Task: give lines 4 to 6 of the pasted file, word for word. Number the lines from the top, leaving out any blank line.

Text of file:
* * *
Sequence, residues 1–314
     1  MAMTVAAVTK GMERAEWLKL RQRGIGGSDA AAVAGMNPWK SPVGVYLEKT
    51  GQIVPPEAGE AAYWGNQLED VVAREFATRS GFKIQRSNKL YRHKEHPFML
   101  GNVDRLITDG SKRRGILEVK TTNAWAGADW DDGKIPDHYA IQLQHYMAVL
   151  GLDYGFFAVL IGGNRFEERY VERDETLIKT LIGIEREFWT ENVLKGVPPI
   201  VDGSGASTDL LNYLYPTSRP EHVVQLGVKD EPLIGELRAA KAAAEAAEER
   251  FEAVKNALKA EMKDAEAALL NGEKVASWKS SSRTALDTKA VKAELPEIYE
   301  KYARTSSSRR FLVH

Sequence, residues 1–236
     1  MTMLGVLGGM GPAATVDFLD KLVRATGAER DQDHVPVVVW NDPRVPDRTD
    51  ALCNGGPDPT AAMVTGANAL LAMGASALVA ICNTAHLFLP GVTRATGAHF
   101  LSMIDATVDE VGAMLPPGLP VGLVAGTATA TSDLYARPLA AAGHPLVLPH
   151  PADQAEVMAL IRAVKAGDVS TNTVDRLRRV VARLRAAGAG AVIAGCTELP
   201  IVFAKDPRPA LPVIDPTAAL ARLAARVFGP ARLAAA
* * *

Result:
   101  GNVDRLITDG SKRRGILEVK TTNAWAGADW DDGKIPDHYA IQLQHYMAVL
   151  GLDYGFFAVL IGGNRFEERY VERDETLIKT LIGIEREFWT ENVLKGVPPI
   201  VDGSGASTDL LNYLYPTSRP EHVVQLGVKD EPLIGELRAA KAAAEAAEER